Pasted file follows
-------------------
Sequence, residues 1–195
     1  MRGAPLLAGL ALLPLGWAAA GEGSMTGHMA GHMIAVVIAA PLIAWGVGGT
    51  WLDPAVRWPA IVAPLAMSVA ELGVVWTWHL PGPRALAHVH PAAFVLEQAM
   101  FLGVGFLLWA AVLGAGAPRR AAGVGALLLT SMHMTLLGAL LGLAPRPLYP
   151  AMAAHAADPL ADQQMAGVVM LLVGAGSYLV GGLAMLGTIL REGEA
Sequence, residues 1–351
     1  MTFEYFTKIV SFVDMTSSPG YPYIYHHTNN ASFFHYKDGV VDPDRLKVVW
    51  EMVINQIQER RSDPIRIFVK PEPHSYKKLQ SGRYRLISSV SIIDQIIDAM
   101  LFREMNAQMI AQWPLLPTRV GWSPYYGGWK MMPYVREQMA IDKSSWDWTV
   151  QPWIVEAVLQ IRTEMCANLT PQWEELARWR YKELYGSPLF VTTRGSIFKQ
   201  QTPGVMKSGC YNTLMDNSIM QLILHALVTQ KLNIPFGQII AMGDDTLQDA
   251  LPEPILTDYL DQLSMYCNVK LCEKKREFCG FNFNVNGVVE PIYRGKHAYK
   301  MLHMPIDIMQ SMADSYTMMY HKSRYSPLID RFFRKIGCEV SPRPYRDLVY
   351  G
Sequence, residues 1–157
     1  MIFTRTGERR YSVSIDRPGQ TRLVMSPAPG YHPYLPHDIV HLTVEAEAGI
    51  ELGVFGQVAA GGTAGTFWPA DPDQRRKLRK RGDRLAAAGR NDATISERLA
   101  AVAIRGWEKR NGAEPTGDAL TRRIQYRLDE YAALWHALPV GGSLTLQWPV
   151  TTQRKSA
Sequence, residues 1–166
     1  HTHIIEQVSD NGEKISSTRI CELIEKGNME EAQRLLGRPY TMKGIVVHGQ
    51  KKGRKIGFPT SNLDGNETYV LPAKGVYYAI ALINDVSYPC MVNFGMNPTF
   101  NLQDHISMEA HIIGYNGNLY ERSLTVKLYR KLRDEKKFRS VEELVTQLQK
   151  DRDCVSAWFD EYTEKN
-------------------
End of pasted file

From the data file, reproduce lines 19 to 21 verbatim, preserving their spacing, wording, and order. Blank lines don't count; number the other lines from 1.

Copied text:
   151  TTQRKSA
Sequence, residues 1–166
     1  HTHIIEQVSD NGEKISSTRI CELIEKGNME EAQRLLGRPY TMKGIVVHGQ